Our Urgent Dental Care response to Covid-19 – a personal reflection by Dr Sarah Mount, Dentist
On behalf of myself and my colleagues working at the NHS England approved Urgent Dental Care (UDC) Hubs in Bodmin and now Truro I thought it timely to share an insight into the highs and lows that we have encountered during the Covid-19 pandemic, so far.
I am usually a Paediatric Dentist working primarily for the Community Dental Services in Cornwall plus two days a week in General Practice. However, when face-to-face dentistry ceased following guidance from NHS England, Public Health England and the Government with regards to SARS-CoV-2 virus, more commonly referred to as Covid-19, I became heavily involved in the frantic setting up of the UDC Hubs.
This can only be described as an emotional rollercoaster, both professionally and personally.
Where to begin
In our initial coordination efforts, consideration was given to rapidly changing guidelines and protocols, standard operating procedures, and accessibility of appropriately fitting PPE. The logistics were vast, complicated and have proven to be an ongoing, constantly evolving challenge with many extraordinarily frustrating delays. Our entire services were forced to either cease or quickly restructure to accommodate the triaging of patients and provision of remote teleconsultations to deliver the much talked about advice, analgesia and antimicrobials (AAA) towards arranging face-to-face consultations only for those who absolutely need this. At the heart of this planning, our focus was and has remained on maintaining the safety of our colleagues, their families, patients and the wider community, and to ensure that as dental professionals we are not vectors, facilitating the wider spread of the virus. Coronavirus poses a risk to all in the immediate and long-term future, but particularly those with a reduced immune response. It is essential that we limit the risk of spread, particularly in respect to the vulnerable and shielded populations, so that we can withstand the burden of disease that this virus has already shown it can cause.
PPE – the initial challenges
In the early days of planning the UDC Hub at Harleigh Road in Bodmin, a dentist colleague and I travelled to Exeter to be taught by accredited trainers in fit testing respirators, therefore becoming mask fit trainers ourselves. There were initial difficulties in receiving this fit test training as the local hospitals were rightfully prioritising intensive care and emergency departments. In reality fit testing masks to our colleagues was a considerable task. We had not anticipated that for every brand of FFP3 mask you are required to fit test each new mask. Coupled with difficulties in obtaining FFP3 masks in the first instance owing to the national shortage and the varying brands of masks being delivered by NHS Supply Chain, together with the inability to reorder the much needed Bitrix solution to facilitate mask testing, made this an endlessly demanding task. A further complication was the delivery of what appeared to be out of date/re-labelled expiry dates on our much sought after FFP3 masks from NHS Supply Chain. We were later assured this PPE had passed stringent independent tests that demonstrate they are safe by the Health and Safety Executive (HSE) but this only serves to highlight the hurdles we’re encountering.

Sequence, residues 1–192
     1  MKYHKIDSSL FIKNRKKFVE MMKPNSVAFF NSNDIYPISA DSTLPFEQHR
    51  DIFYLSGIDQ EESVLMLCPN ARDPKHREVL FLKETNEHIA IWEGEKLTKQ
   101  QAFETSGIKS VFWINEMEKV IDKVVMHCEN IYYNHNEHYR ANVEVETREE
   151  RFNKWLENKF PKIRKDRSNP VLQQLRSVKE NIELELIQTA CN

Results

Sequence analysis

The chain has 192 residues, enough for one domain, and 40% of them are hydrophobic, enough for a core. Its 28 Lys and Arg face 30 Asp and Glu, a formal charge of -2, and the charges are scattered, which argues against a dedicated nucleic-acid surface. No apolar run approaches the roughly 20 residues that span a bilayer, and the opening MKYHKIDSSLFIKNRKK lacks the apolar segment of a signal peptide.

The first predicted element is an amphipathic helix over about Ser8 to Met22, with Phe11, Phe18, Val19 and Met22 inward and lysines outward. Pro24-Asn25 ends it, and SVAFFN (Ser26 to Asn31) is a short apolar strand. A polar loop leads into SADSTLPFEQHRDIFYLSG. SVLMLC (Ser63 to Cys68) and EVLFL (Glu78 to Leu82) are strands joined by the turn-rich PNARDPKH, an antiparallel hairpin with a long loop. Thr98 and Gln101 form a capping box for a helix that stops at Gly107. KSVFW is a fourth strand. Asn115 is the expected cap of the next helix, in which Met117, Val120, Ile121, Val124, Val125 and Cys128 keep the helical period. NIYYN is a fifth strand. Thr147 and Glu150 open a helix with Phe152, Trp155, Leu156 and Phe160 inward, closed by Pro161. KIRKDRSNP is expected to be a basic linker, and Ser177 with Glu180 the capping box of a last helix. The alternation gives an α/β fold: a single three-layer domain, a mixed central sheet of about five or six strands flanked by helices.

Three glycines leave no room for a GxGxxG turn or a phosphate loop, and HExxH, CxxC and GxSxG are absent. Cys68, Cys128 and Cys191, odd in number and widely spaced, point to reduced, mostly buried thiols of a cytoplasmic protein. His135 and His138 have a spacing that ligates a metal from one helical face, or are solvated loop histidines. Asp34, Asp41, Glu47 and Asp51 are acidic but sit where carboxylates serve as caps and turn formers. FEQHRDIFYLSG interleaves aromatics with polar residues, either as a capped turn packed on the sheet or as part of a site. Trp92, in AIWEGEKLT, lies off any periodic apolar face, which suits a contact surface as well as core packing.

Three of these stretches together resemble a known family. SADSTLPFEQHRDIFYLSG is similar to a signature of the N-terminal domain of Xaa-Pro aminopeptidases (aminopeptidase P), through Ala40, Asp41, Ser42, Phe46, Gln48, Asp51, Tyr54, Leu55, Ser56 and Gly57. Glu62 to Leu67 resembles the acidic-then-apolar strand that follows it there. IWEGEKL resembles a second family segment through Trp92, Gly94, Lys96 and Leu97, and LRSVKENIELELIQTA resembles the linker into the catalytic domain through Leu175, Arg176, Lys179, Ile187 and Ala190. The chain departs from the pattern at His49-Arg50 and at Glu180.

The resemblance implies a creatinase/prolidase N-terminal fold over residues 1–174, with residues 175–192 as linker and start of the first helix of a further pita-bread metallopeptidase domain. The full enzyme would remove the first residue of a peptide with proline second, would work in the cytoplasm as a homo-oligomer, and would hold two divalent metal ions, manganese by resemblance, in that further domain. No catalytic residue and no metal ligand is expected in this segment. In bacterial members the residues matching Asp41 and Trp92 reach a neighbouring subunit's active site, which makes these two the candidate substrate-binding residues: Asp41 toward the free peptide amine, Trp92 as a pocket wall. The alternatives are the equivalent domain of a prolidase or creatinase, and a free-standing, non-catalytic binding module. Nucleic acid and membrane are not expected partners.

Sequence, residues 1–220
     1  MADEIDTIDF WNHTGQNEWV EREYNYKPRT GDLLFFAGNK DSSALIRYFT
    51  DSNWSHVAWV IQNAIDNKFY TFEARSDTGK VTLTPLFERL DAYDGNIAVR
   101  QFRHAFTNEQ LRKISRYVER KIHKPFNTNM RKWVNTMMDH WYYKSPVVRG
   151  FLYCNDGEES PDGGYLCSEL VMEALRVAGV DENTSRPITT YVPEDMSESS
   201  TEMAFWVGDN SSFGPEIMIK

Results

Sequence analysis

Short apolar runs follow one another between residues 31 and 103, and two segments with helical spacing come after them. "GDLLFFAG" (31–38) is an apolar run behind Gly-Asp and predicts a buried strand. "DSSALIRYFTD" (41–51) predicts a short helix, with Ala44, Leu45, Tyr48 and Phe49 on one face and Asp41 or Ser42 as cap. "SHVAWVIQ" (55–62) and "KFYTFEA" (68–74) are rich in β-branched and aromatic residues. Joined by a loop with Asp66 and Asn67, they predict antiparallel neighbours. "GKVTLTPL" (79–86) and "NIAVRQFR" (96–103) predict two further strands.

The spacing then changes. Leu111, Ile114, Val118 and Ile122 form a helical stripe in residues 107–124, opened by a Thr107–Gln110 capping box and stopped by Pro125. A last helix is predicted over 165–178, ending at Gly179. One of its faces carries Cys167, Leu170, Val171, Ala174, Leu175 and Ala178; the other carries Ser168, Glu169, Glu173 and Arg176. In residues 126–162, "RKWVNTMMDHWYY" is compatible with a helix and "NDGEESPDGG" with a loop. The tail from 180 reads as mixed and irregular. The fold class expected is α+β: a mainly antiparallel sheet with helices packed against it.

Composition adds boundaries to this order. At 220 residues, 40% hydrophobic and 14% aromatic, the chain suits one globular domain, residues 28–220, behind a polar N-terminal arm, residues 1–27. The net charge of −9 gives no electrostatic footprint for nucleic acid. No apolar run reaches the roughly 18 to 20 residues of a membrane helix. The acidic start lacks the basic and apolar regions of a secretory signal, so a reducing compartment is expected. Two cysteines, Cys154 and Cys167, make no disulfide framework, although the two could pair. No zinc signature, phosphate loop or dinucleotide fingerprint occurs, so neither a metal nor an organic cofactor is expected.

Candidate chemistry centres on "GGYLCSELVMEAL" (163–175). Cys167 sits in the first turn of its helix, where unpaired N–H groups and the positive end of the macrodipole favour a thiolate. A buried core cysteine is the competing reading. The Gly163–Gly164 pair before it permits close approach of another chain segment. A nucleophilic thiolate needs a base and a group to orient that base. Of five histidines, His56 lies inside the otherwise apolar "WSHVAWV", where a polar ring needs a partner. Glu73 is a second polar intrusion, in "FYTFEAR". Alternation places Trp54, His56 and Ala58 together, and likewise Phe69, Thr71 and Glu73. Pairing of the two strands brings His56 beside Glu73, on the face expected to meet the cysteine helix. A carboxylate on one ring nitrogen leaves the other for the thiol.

The FFP3 masks themselves are nothing like the standard fluid-resistant surgical masks that we have all become accustomed to wearing in the dental surgery. They are uncomfortable, cumbersome and induce a degree of claustrophobia. Many wearers find skin irritation a common problem. A significant number of colleagues did not pass the fit test, primarily due to sizing. The masks so far are of standard sizes which do not necessarily fit all face shapes and sizes. One colleague had to shave off his beard in order to pass the fit testing that same day. Perhaps in the future we may be able to order smaller masks for smaller faces, but with the ongoing shortages this is currently an impossible hope.
Additional delays and requirements
Once we had overcome the difficulties experienced in receiving the mask fit training and the intermittent supply of FFP3 masks, other PPE and the Bitrix solution, we subsequently trained our clinical colleagues but the opening of the UDC Hub was further delayed for numerous other reasons including complications in obtaining the appropriate clean down agents. Whilst we have continuously adapted our operations and identified different suppliers to address these challenges, there were various other factors to consider before opening including, as simple as it may sound, how the patient would enter the UDC Hub on arrival, maintaining social distance from other members of the general public. Another challenge was how to completely strip each surgery, as the entire room along with all equipment used needs to be thoroughly cleaned after each patient, imposing significant time restrictions and further limiting the number of patients we can see per day. We had several trial runs before we all felt comfortable and safe with our ‘new normal’.
Open at last
Finally, on Saturday 11th April 2020 we opened our UDC Hub in Bodmin to see patients face-to-face. This was ahead of schedule and it must be said that we worked tirelessly throughout the Easter weekend and have continued to do so, restricting appointments only when PPE levels have necessitated this. The Smile Together team has been incredibly supportive, agile and innovative, and we have rapidly adapted to our new working environment and use of different technologies with minimal fuss and maximum efficiency. I am grateful to work alongside such lovely caring colleagues who have shown up to work under what can only be described as difficult and unprecedented circumstances.
We are also indebted to my principle dentist and practice owner in General Practice, Dr Steven Pace from Threemilestone Dental Practice, who has generously permitted me to dedicate my general practice days to the UDC Hub and ultimately benefit local patients.
In fact we’ve had tremendous support from the dental community during this unprecedented time and wanted nothing more than to announce that our first UDC Hub was open and shine a light on our collective contribution, but refrained to avoid inadvertently driving up patient demand by doing so.